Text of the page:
Be respectful.

It’s important to practice respect and recognize those doing the work as the experts. These team members offer firsthand insight into their respective roles that are instrumental in helping to promote change within the organization. Supporting individuals and the value they each provide to your business can help achieve a culture of continuous improvement.

Strategy 2: Refine workflows.

Brainstorm with employees throughout your organization to teach them how to identify wastes in their processes, whether in time or materials. Together, come up with solutions to address those wastes by submitting improvement suggestions to management. Leverage data to help with this.

By pinpointing inefficiencies, a few benefits can be obtained, like greater efficiency, reduced waste and improved environmental and cost sustainability efforts. Using kaizen is a great example within our own company of how this process plays out on a continuous basis.

Strategy 3: Enlist a proven process for measuring progress.

Visualization, organization and standardization can all be used to measure progress. Each aspect will work in different ways to find the best solution and the right process for each specific application and organization. A one-size-fits-all method is not always the best option.

If a process is not working as originally intended, utilize “plan, do, check, act” (PDCA) to visualize where specific pain points are and make changes that address the issues. Until the issues are pointed out, it is impossible to make the necessary adjustments.

Strategy 4: Seek out opportunities for optimization.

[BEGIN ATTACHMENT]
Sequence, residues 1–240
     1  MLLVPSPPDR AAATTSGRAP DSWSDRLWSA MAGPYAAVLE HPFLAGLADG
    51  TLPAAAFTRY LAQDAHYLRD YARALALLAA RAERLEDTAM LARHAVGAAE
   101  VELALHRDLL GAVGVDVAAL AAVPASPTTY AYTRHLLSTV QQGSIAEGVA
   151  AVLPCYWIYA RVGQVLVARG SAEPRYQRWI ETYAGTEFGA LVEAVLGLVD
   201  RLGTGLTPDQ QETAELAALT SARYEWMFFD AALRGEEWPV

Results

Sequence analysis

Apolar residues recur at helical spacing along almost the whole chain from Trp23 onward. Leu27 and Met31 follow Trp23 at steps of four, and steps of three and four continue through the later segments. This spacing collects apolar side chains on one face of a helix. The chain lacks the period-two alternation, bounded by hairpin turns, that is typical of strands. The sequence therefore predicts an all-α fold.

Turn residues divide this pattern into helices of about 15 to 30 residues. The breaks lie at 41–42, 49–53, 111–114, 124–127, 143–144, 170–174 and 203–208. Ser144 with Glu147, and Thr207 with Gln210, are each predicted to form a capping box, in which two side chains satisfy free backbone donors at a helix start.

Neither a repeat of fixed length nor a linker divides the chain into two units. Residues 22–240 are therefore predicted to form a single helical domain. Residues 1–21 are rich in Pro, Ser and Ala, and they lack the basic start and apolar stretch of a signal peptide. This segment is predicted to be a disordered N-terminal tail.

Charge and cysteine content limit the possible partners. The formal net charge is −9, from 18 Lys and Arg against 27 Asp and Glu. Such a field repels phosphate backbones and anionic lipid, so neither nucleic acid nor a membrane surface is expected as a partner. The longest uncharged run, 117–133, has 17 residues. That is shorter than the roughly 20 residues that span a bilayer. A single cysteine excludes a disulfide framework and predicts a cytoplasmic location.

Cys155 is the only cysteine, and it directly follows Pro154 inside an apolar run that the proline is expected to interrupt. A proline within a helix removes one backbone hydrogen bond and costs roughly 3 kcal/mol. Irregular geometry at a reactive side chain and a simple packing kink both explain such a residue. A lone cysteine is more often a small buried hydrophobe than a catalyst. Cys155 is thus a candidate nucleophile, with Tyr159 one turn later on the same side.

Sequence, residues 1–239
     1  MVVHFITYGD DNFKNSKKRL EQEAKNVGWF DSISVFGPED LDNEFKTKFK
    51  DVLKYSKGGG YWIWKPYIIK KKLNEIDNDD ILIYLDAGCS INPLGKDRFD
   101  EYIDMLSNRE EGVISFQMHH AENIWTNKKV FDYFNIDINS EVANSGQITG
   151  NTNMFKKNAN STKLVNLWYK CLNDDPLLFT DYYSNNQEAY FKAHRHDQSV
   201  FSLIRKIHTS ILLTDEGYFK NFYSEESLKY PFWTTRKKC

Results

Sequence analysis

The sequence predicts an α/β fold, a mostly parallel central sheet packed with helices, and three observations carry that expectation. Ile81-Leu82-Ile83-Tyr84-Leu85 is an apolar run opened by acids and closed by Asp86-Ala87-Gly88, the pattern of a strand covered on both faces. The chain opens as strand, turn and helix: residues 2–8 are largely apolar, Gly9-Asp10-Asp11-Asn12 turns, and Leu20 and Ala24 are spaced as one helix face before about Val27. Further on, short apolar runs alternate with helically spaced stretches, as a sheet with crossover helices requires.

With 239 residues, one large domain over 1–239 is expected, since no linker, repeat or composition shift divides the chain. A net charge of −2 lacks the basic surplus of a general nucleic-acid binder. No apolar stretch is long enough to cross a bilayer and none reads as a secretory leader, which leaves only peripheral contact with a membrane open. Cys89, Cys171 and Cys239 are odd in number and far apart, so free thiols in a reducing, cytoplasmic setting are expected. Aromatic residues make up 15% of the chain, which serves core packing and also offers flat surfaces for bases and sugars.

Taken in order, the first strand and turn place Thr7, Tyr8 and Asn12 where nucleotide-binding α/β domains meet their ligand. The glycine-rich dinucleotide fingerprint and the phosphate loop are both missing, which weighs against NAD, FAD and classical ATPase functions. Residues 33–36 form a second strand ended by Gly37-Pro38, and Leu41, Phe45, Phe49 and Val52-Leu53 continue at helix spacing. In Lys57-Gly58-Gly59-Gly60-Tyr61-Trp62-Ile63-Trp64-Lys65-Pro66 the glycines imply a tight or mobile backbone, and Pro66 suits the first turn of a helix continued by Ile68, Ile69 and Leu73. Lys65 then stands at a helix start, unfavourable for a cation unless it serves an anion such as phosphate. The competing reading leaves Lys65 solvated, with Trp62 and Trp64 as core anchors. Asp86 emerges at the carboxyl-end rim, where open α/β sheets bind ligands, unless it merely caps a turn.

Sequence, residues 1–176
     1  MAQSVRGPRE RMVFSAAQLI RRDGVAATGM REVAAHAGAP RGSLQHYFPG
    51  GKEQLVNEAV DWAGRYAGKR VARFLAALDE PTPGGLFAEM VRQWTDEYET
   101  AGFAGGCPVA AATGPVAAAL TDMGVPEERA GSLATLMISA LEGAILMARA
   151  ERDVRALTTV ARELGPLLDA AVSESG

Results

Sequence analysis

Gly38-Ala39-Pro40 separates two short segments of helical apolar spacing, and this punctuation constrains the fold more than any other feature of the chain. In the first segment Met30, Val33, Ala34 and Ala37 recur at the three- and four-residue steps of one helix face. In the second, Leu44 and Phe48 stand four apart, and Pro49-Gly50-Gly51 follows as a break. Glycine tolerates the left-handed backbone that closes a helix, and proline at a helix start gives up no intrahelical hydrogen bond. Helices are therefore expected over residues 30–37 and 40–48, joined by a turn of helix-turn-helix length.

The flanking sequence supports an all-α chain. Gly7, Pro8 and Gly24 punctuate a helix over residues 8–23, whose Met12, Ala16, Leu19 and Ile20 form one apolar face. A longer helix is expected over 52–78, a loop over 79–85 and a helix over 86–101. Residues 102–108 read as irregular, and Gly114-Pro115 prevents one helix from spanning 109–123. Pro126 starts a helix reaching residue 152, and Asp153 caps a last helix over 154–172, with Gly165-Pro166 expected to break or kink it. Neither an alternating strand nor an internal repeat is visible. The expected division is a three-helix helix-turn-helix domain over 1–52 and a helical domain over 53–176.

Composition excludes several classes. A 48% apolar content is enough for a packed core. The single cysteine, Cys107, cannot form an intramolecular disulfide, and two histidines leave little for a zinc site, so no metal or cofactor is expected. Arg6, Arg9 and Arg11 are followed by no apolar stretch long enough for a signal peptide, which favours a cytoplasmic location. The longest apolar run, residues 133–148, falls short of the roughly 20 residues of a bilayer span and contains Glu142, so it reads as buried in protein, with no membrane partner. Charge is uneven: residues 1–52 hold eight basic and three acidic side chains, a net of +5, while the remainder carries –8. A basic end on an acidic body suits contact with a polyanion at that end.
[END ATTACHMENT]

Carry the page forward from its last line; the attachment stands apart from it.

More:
To meet the demands of today, optimization is crucial. Look to areas of opportunity to create space for product, increase workforce productivity, leverage data for suitable tasks and better the customer experience. Work with your team to poke holes in processes. Doing so will drive cost savings that can be better utilized throughout your organization.

Although a company’s strength may be focusing on defect reduction, it may not be as strong at eliminating disruptions. By changing its mindset, the company will see that disruption is not necessarily a defect but may be a constraint.

Strategy 5: Be intentional.

Avoid arbitrary changes, such as changing a warehouse layout, without any clear rationale so that the change does not result in disruptions to workflow and added confusion. Instead, make systematic changes, such as optimizing a warehouse’s material handling process by introducing revised traffic patterns that reduce travel time and minimize congestion or by investing in technology that streamlines tasks. These systematic changes move the needle and gather data and facts to drive these improvements.

After implementing changes, it’s important to not blindly forge ahead. Make sure people know why changes were made and why the changes were effective or not. Check to understand the effect of that change on both people and processes to ensure improvement. Following these steps in the implementation of lean management helps your facility get to the all-important measurement and improvement point.

Continuous improvement is just that—a continuous, impactful journey. It’s one that will help your organization achieve ultimate efficiencies now and as your company excels in the future.